27 Line Cards: Packet Marking
Where to classify the packets? Every hop? Just at the edge? Division of labor Edge: classify and mark the packets Core: schedule packets based on markings Packet marking Type-of-service bits in the IP packet header

28 QoS through network management
Real Guarantees? It depends… Must limit volume of traffic marked as gold E.g., by marking traffic “bronze” by default E.g., by policing traffic at the edge of the network QoS through network management Configuring packet classifiers Configuring policers Configuring link schedulers Rather than through dynamic circuit set-up Different approach than virtual circuit networks

29 Line Cards: Traffic Measurement
Measurements are useful for many things Billing the customer Engineering the network Detecting malicious behavior Collecting measurements at line speed Byte and packet counts on the link Byte and packet counts per prefix Packet sampling Statistics for each TDP or UDP flow More on this later in the course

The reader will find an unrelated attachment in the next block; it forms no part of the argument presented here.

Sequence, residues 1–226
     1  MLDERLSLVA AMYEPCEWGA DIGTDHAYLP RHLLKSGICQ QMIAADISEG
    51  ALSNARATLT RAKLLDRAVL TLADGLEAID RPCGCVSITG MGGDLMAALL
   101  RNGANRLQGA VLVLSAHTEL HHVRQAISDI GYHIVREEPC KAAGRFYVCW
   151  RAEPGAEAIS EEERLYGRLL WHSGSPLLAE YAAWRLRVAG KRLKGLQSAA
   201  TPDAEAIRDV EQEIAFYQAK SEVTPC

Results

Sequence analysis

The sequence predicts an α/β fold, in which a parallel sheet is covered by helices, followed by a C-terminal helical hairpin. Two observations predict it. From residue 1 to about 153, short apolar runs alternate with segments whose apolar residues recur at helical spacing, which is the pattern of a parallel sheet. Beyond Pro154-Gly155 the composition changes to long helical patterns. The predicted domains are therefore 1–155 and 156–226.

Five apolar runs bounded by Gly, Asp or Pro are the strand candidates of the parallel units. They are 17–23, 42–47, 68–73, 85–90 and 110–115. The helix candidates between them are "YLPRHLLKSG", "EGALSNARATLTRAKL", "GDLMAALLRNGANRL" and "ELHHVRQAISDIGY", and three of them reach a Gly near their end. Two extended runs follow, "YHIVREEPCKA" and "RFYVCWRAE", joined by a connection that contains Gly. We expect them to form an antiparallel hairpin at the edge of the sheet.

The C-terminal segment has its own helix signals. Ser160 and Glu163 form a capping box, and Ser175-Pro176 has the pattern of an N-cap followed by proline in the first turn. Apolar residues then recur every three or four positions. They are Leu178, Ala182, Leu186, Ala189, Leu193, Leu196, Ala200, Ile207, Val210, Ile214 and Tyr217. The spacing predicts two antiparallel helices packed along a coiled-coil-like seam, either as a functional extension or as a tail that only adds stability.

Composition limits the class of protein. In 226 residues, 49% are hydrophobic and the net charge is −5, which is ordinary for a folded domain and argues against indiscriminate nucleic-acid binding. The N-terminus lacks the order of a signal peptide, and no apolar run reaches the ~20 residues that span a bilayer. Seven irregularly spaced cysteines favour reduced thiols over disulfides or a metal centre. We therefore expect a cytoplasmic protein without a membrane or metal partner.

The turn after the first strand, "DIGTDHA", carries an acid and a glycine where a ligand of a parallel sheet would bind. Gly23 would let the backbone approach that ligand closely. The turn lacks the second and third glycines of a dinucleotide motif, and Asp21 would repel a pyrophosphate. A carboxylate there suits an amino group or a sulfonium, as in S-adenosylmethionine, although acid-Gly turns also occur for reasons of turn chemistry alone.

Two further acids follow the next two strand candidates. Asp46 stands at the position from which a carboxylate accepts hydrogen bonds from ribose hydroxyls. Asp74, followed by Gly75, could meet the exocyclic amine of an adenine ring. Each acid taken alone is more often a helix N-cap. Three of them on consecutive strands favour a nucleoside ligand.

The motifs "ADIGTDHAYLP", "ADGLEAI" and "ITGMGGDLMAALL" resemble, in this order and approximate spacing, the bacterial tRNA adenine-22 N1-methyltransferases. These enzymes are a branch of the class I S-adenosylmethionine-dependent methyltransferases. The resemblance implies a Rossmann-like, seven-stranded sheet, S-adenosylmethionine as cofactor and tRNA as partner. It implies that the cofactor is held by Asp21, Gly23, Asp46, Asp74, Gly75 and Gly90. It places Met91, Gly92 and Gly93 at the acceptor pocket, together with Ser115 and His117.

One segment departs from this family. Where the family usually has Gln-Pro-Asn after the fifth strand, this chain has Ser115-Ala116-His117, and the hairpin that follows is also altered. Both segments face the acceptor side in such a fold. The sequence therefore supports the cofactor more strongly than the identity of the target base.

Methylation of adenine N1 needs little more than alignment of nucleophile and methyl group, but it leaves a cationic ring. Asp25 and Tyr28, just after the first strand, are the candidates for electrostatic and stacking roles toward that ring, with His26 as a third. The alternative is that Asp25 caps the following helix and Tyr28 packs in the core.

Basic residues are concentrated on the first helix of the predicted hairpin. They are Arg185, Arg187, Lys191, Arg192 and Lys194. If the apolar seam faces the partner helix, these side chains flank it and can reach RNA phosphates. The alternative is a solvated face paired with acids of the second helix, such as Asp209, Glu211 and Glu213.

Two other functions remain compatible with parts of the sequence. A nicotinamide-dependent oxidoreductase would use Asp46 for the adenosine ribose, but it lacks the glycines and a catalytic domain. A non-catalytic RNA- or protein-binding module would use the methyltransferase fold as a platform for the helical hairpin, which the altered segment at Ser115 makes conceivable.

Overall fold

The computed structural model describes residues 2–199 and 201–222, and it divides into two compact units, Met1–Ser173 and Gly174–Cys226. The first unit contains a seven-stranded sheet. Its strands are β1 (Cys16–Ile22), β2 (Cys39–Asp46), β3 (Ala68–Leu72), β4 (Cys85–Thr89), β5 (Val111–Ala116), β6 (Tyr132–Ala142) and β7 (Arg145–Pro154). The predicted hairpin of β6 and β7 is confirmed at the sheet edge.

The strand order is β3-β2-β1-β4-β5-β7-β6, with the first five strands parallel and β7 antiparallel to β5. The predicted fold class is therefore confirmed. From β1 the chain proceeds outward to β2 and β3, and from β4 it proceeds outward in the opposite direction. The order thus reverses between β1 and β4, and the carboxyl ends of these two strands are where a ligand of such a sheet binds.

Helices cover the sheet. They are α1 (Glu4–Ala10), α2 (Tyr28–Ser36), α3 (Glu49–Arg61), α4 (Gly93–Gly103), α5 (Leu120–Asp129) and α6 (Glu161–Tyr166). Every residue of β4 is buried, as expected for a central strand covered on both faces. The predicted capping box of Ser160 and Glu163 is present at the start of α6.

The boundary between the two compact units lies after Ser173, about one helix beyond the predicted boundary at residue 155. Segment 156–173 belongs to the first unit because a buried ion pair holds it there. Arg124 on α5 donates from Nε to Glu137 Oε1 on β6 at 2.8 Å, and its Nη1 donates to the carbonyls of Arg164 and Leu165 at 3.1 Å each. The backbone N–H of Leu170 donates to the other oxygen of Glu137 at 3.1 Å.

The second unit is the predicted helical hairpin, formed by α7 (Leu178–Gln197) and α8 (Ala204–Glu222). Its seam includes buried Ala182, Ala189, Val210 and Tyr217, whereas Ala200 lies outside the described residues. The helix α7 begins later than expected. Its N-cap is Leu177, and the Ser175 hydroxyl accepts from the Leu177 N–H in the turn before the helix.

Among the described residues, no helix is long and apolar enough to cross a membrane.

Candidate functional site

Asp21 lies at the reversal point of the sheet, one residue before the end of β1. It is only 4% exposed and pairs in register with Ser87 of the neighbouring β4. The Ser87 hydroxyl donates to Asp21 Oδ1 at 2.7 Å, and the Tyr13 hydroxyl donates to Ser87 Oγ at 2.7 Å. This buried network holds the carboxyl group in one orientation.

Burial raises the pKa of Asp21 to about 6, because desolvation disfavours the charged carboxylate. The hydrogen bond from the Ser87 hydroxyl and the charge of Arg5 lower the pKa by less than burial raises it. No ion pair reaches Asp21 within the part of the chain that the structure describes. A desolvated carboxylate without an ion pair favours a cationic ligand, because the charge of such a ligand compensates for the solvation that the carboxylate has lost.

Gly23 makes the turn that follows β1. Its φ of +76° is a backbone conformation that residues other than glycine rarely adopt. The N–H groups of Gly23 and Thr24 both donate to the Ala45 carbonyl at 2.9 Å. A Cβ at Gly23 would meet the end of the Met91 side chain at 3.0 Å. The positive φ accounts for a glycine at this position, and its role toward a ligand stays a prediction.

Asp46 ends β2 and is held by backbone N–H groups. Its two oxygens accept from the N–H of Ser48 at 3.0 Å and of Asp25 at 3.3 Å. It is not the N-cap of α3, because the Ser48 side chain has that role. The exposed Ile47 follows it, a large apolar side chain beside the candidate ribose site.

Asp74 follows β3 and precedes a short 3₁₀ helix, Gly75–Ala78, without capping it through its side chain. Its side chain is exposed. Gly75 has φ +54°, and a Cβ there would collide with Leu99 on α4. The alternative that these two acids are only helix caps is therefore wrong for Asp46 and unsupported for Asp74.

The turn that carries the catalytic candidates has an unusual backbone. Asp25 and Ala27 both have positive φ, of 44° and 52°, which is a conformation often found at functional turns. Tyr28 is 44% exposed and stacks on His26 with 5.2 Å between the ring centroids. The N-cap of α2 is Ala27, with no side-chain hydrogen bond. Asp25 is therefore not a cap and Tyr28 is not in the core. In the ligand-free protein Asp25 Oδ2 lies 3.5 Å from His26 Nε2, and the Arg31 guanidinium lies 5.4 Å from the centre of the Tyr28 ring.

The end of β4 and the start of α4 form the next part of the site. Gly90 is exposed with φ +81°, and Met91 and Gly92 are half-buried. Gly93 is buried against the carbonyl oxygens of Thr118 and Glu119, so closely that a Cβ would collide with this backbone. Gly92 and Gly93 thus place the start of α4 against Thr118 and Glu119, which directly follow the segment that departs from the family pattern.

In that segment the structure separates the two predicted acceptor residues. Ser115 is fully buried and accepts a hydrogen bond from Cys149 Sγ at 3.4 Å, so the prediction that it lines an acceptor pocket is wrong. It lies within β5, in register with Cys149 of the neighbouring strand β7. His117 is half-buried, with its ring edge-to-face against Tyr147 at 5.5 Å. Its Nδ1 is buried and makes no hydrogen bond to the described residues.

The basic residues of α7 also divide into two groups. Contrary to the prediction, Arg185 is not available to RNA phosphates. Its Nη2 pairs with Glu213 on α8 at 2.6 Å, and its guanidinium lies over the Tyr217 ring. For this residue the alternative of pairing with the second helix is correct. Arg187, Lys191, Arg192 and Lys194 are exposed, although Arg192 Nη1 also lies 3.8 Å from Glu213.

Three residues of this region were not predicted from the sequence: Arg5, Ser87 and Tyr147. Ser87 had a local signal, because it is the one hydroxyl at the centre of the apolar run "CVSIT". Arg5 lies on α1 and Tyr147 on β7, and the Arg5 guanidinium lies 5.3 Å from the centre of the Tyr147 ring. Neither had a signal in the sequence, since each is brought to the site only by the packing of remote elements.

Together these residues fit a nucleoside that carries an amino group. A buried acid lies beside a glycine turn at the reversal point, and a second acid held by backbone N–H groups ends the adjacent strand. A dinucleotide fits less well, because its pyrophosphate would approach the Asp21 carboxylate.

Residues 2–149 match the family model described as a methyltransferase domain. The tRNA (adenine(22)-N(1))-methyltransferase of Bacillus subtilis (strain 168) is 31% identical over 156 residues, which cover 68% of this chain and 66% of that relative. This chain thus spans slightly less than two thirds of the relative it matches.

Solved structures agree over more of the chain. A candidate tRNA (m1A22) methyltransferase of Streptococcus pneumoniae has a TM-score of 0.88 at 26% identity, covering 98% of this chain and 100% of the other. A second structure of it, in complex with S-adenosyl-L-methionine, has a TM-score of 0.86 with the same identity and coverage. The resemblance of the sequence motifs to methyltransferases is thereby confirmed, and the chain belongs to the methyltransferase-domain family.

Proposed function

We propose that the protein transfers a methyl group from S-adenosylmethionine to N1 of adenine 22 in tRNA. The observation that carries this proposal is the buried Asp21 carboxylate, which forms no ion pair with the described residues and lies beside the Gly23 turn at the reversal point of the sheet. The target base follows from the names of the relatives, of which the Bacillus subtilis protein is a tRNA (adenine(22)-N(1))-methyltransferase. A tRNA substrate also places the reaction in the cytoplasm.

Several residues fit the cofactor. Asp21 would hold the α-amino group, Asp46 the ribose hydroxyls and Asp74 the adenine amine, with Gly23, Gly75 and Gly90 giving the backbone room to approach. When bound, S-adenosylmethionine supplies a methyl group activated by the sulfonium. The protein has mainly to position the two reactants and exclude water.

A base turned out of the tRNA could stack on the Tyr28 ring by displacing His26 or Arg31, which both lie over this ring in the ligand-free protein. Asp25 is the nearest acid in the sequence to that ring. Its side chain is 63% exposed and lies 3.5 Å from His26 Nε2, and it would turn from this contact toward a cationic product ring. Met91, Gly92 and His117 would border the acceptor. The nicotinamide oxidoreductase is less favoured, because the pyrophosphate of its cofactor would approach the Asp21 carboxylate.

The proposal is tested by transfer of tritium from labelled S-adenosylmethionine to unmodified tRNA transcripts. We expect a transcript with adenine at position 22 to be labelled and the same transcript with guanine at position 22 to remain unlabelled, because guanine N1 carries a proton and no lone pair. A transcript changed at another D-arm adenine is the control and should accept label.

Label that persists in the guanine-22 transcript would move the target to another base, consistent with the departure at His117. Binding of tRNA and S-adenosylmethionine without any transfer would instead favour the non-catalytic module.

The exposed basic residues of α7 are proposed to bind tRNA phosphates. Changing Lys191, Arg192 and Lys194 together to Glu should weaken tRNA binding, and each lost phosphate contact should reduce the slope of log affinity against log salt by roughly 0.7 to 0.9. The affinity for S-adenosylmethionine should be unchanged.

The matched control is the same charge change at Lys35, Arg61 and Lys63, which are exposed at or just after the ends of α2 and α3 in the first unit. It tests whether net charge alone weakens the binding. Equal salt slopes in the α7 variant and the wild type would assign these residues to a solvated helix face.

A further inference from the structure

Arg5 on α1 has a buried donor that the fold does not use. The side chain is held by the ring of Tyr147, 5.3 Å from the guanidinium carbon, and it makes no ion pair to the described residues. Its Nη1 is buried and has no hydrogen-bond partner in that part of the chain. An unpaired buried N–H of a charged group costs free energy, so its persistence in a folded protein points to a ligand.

30 So-called “Loopback” interface Control-plane software
Route Processor So-called “Loopback” interface IP address of the CPU on the router Control-plane software Implementation of the routing protocols Creation of forwarding table for the line cards Interface to network administrators Command-line interface for configuration Transmission of measurement statistics Handling of special data packets Packets with IP options enabled Packets with expired Time-To-Live field

31 Data, Control, and Management Planes